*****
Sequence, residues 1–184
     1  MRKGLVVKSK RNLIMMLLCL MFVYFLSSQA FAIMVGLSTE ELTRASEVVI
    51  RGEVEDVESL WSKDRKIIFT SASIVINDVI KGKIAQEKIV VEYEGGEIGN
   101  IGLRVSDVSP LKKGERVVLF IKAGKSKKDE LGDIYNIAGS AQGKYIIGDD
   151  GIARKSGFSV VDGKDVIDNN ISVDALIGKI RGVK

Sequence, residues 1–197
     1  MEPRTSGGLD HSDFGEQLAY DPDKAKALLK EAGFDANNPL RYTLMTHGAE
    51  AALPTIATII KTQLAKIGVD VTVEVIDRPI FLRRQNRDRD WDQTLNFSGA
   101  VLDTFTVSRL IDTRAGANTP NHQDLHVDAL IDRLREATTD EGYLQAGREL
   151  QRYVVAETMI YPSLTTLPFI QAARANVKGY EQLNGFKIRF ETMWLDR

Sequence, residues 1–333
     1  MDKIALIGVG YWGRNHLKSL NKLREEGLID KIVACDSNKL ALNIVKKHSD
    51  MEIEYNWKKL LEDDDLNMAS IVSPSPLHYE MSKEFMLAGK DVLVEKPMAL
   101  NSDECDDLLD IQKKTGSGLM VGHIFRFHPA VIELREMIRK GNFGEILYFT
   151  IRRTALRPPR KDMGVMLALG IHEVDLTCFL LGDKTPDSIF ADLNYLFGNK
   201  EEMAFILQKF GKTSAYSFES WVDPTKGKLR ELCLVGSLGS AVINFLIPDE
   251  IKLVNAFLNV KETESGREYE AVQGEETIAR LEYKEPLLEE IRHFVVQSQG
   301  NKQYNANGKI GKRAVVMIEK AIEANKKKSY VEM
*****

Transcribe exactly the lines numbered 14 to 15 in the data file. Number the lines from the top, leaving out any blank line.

   101  NSDECDDLLD IQKKTGSGLM VGHIFRFHPA VIELREMIRK GNFGEILYFT
   151  IRRTALRPPR KDMGVMLALG IHEVDLTCFL LGDKTPDSIF ADLNYLFGNK